Test Time Series Data for a Unit Root
This example shows how to test a univariate time series for a unit root. It uses wages data (1900-1970) in the manufacturing sector. The series is in the Nelson-Plosser data set.
Load the Nelson-Plosser data. Extract the nominal wages data.
load Data_NelsonPlosser wages = DataTable.WN;
Trim the NaN values from the series and the corresponding dates (this step is optional, since the test ignores NaN values).
wDates = dates(isfinite(wages)); wages = wages(isfinite(wages));
Plot the data to look for trends.
The plot suggests exponential growth.
Transform the data using the log function to linearize the series.
logWages = log(wages); plot(wDates,logWages) title('Log Wages')
The data appear to have a linear trend.
Test the null hypothesis that there is no unit root (trend stationary) against the alternative hypothesis that the series is a unit root process with a trend (difference stationary). Set 'lags',[7:2:11], as suggested in Kwiatkowski et al., 1992.
[h,pValue] = kpsstest(logWages,'lags',[7:2:11])
h = 1x3 logical array 0 0 0 pValue = 0.1000 0.1000 0.1000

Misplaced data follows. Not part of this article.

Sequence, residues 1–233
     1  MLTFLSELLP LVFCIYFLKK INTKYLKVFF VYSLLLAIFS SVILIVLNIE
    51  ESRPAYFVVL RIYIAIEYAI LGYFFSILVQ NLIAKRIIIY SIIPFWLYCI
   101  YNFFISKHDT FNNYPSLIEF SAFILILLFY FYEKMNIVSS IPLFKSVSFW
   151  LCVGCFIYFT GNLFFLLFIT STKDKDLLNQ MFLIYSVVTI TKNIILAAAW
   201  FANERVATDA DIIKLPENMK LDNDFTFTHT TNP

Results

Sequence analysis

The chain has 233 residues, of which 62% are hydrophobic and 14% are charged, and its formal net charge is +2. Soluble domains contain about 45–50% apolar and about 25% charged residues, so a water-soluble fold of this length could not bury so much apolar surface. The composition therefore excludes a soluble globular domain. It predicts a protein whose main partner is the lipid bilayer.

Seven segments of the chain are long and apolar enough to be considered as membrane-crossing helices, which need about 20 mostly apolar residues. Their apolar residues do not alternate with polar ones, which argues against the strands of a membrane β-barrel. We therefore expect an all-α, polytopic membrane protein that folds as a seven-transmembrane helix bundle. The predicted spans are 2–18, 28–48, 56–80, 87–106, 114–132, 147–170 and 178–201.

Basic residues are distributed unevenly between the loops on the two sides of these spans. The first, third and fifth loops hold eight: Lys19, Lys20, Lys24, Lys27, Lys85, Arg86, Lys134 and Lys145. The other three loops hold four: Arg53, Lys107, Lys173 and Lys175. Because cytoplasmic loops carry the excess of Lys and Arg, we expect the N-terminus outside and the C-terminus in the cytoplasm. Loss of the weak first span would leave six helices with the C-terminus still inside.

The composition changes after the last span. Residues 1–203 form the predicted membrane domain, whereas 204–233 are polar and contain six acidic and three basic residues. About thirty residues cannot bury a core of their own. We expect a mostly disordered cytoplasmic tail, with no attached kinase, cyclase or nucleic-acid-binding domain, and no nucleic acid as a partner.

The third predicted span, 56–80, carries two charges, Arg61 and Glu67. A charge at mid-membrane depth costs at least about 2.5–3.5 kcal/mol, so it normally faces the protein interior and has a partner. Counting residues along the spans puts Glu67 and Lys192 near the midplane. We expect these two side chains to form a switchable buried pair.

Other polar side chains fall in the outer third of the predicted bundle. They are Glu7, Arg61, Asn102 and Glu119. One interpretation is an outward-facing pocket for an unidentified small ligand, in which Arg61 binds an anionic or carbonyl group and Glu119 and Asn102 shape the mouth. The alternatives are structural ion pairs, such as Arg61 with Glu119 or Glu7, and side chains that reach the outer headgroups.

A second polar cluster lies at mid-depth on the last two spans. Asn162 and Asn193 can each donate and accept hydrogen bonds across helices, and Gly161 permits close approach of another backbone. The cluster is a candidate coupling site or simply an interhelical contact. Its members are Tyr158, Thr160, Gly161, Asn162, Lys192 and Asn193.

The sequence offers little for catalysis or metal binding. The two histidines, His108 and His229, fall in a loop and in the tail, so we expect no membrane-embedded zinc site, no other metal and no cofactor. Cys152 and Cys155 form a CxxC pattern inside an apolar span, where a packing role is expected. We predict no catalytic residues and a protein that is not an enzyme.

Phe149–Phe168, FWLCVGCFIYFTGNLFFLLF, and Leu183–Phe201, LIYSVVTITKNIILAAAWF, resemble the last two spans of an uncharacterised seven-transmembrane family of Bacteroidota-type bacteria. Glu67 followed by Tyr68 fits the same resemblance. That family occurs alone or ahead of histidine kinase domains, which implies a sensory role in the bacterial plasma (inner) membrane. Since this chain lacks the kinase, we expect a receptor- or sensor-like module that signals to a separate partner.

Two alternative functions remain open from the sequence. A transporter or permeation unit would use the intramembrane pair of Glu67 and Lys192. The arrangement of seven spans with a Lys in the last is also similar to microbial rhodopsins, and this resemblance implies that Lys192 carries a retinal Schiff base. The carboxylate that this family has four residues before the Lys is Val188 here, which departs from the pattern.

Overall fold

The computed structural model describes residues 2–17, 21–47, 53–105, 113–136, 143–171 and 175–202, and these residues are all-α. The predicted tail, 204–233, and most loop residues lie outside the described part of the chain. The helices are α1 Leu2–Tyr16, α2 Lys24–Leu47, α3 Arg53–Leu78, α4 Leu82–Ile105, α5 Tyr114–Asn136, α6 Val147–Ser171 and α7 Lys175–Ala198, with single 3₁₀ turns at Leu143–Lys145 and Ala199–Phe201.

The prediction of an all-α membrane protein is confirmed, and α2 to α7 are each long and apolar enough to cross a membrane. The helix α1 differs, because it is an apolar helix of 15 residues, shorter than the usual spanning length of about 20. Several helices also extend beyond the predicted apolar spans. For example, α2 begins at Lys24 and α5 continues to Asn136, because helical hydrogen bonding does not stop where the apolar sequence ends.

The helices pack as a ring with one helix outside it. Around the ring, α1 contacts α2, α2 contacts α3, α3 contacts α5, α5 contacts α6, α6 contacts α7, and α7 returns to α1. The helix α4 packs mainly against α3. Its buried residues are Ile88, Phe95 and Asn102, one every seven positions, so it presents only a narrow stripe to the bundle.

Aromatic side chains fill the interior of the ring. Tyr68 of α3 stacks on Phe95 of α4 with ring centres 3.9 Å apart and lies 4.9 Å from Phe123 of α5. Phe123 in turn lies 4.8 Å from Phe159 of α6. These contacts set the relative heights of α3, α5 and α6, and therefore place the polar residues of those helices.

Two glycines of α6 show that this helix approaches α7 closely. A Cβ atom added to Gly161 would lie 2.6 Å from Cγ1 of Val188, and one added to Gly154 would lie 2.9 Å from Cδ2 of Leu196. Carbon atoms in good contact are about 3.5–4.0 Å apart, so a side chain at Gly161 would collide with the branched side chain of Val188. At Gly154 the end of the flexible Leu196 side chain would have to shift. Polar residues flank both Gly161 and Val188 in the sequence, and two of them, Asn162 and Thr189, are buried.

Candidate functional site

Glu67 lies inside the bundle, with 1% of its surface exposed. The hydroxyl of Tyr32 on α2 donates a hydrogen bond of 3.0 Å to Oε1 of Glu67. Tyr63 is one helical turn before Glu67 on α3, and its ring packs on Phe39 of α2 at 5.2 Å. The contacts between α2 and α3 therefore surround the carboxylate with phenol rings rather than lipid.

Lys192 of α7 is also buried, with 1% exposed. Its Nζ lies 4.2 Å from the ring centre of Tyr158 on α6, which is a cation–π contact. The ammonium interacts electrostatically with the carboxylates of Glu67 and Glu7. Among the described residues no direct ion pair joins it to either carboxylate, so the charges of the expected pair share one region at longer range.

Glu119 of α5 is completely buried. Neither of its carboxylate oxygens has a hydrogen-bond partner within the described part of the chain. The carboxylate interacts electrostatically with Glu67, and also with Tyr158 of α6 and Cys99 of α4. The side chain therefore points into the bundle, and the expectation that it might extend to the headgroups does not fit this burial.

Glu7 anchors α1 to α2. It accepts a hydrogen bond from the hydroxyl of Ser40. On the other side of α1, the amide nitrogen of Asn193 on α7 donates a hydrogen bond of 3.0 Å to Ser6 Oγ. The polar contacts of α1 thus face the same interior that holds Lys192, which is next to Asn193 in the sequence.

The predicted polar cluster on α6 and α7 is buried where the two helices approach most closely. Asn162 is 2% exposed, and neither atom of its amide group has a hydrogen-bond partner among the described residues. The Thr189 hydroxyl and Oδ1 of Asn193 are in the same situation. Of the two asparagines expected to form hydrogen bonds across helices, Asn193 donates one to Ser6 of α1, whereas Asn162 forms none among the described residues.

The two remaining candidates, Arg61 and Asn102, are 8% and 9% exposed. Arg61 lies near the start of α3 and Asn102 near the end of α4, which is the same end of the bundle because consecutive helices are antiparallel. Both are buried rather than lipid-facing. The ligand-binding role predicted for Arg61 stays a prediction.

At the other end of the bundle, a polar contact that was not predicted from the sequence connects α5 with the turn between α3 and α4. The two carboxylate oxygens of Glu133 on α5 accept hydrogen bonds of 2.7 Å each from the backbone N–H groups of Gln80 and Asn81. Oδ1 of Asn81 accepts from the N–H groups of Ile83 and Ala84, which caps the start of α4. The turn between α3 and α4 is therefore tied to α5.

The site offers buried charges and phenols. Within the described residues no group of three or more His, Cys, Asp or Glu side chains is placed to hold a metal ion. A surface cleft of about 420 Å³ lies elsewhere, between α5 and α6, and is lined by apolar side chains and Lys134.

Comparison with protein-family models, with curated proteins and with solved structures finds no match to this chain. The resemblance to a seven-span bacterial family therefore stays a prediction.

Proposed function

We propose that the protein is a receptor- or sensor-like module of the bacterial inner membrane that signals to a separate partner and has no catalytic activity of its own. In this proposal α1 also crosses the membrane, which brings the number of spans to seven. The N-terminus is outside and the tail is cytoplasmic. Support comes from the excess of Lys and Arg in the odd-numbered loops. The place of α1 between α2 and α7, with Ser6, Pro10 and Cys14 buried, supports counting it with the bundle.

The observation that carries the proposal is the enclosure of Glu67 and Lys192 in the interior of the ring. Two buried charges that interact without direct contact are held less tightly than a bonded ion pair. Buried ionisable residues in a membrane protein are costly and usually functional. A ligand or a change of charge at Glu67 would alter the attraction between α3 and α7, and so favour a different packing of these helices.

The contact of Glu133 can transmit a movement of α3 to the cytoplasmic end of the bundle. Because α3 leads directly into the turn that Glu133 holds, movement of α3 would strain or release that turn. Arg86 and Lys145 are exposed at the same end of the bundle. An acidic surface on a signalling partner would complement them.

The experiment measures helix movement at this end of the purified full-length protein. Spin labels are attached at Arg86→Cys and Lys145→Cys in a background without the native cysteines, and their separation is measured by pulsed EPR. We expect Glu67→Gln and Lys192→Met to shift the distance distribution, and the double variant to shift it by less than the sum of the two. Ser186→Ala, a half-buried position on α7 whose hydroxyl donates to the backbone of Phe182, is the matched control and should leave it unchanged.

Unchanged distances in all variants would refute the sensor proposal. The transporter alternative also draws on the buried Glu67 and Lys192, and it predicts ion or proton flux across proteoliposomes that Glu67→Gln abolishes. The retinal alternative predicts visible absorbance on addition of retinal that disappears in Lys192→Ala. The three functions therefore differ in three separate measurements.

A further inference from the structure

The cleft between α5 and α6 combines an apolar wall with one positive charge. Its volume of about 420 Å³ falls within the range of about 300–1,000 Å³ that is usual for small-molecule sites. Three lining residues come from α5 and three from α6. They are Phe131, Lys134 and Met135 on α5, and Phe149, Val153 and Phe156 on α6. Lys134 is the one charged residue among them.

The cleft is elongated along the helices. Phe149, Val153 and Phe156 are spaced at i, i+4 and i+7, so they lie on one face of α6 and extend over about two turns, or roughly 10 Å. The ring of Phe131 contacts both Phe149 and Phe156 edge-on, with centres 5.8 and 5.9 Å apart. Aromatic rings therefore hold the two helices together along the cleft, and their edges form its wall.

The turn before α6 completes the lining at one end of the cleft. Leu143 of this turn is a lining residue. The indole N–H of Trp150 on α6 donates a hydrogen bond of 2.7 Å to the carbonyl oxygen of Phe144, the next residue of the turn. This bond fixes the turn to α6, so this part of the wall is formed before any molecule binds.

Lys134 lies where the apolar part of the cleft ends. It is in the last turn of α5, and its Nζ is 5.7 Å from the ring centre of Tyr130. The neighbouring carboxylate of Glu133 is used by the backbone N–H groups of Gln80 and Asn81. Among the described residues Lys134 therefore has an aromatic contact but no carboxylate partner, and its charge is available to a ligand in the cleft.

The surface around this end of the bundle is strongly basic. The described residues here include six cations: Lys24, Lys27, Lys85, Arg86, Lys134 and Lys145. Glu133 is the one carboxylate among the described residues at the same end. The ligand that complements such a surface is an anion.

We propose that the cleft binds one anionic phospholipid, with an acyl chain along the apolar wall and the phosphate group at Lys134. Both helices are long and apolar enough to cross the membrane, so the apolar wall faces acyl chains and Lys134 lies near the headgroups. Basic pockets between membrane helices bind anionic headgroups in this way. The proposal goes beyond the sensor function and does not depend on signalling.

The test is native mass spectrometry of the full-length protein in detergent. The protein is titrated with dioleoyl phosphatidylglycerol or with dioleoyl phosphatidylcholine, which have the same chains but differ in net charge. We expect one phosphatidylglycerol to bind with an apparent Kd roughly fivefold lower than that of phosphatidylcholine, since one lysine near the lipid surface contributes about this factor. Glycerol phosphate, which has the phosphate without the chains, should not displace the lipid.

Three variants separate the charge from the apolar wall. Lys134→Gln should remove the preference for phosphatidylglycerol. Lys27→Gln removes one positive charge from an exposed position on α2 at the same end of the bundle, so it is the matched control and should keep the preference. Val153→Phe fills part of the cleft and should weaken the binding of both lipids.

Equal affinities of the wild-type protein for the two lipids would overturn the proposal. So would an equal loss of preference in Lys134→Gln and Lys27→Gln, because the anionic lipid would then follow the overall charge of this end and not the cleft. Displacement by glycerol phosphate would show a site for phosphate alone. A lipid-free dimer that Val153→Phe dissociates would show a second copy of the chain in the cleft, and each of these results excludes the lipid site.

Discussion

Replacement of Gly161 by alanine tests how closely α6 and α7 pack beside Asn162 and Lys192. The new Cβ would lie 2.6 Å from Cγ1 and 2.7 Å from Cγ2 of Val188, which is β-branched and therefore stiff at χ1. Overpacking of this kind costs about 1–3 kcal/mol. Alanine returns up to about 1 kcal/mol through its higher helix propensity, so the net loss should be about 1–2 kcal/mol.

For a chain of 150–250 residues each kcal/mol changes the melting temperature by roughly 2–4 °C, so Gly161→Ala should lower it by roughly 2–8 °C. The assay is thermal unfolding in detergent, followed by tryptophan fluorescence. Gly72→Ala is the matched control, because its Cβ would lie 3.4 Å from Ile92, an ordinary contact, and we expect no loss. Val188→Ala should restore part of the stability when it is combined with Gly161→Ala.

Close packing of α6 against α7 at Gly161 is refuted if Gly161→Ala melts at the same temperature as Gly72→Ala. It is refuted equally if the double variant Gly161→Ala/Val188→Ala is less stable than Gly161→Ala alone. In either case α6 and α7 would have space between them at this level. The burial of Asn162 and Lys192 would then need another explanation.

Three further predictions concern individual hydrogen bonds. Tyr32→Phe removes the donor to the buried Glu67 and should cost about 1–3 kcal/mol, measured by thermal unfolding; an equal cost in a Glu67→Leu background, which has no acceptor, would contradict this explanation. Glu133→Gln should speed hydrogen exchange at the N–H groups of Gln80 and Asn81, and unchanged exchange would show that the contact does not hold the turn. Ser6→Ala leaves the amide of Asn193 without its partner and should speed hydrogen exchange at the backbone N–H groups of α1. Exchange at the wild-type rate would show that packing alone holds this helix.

kpsstest fails to reject the hypothesis that the wages series is trend stationary. If the result would have been [1 1 1], the two inferences would provide consistent evidence of a unit root. It remains unclear whether the data has a unit root. This is a typical result of tests on many macroeconomic series.
kpsstest has a limited set of calculated critical values. When it calculates a test statistic that is outside this range, the test reports the p-value at the appropriate endpoint. So, in this case, pValue reflects the closest tabulated value. When a test statistic lies inside the span of tabulated values, kpsstest linearly interpolates the p-value.